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General James Longstreet, From Manassas to Appomattox, Chapter 17: preliminaries of the great battle. (search)
Confederates retreat from South Mountain Federals follow and harass them Franklin and Cobb at Crampton's Pass a spirited action fighting around Harper's Ferrythe cavalry dismounted on the flanks acting as sharp-shooters. At noon General Franklin marched through Burkittsville with his leading division under General Slocen hundred stand of arms, and one gun were their trophies in this affair. General Franklin's total loss was five hundred and thirty-three. Rebellion Record, vol. Xade him by the cavalry commander. His orders for Cobb were severe enough, but Franklin was too prompt to allow Cobb to get to work. Upon hearing the noise of battles stores and of subsistence. Rebellion Record, vol. XIX. part i. p. 961. General Franklin had posted his division under General Couch at Rohrersville on the morning Rebellion Record, vol. XIX. part i. p. 47. the Ninth and Fifth to reinforce Franklin by the Rohrersville road, or move to Sharpsburg. About two o'clock in the
General James Longstreet, From Manassas to Appomattox, Chapter 19: battle of Sharpsburg, or Antietam (continued). (search)
s orders. So it appears that counsels were divided on both sides, General McClellan disapproving the attack proposed by Franklin, and General Lee preferring a flank move. Of the proposed attack from the Union side, General Franklin reported,-- SGeneral Franklin reported,-- Slocum's division arrived on the field about eleven o'clock. Immediately after its arrival two of his brigades (Newton's and Torbert's) were formed in column of attack to carry the wood in the immediate vicinity of the White Church. The other brigades, by Major-General Sumner, and the left wing, comprising the Sixth Corps and Couch's division (Fourth Corps), by Major-General Franklin. Major-General George B. McClellan, U. S. Army. General Headquarters :--Escort, Capt. James B. McIntyre; Indep U. S., Batt. K, Capt. William M. Graham; 4th U. S., Batt. G, Lieut. Marcus P. Miller. Sixth Army Corps, Major-General William B. Franklin. Escort, 6th Pa. Cav., cos. B and G, Capt. Henry P. Muirheid. First Division, Maj.-Gen. Henry W. Slocum:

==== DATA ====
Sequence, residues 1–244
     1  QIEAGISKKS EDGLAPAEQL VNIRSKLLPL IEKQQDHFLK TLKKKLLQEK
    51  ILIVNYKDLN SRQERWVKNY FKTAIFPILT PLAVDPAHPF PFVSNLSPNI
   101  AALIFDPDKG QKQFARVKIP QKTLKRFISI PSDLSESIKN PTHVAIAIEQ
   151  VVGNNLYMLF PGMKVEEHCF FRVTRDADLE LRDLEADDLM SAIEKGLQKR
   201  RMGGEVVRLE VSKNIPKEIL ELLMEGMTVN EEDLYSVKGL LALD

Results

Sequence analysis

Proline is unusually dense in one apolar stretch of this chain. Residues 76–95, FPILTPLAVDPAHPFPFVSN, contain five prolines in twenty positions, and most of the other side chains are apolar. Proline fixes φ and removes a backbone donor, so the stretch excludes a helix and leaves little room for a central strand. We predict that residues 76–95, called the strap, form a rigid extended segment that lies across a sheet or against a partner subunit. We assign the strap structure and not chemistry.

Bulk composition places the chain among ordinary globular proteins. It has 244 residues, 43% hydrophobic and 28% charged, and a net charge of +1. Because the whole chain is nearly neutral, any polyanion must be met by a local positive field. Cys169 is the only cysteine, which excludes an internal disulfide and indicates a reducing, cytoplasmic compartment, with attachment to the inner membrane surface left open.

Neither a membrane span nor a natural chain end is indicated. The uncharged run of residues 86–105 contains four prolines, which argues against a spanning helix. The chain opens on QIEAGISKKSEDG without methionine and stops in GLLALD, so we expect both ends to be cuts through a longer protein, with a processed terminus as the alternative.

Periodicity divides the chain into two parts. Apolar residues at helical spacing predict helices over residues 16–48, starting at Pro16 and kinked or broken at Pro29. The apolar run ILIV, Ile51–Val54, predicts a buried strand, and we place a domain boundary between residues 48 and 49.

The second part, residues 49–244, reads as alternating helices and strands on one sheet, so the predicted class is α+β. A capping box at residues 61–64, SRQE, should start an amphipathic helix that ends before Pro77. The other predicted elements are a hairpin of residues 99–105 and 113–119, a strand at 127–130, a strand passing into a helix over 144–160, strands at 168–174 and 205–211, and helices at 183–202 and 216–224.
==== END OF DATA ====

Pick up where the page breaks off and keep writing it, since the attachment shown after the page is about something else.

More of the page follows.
General James Longstreet, From Manassas to Appomattox, Chapter 20: review of the Maryland campaign. (search)
the sun's rays of next morning could have lighted their eastern slopes. The Union commander claims to have ordered more vigorous pursuit after the lost despatch was handed him, but there is nothing to support the claim except his call on General Franklin, and in that he only ordered preparation at Crampton's to await events at Turner's Pass. General Pleasonton was at Turner's Pass on the afternoon of the 13th, and made a reconnoissance of the ways leading up the east side of the mountaint that he was battling against seventeen brigades, while there were but five; and, had the battle been held in wait for McClellan, his well-known habit of careful reconnoissance would have consumed the balance of the day. His last orders for General Franklin directed a wait for Couch's division, which joined him at eight o'clock in the evening. It is difficult to find that a quicker move was given the Union army in consequence of the lost despatch ; but one may rather concede General Hill's cla
General James Longstreet, From Manassas to Appomattox, Chapter 21: reorganization and rest for both armies. (search)
n after assuming command, and while waiting at Warrenton, made a radical change in the organization of the army by consolidating the corps into three Grand divisions as follows: the right Grand division, General Sumner Commanding.-Second Army Corps, General D. W. Couch; Ninth Army Corps, General O. B. Wilcox. centre Grand division, General Joseph Hooker Commanding. --Third Army Corps, General George Stonemall; Fifth Army Corps, General Daniel Butterfield. left Grand division, General W. B. Franklin Commanding. --First Army Corps, General J. F. Reynolds; Sixth Army Corps, General W. F. Smith. cavalry division.--General Alfred Pleasonton. Artillery, siege, and field batteries, 370 guns, General Henry J. Hunt, Chief. At the time of the change of commanders the Confederates were looking for a Federal move north of Culpeper Court-House, and were surveying the ground behind Robertson River for a point of concentration of the two wings to meet that move. General Burnside,
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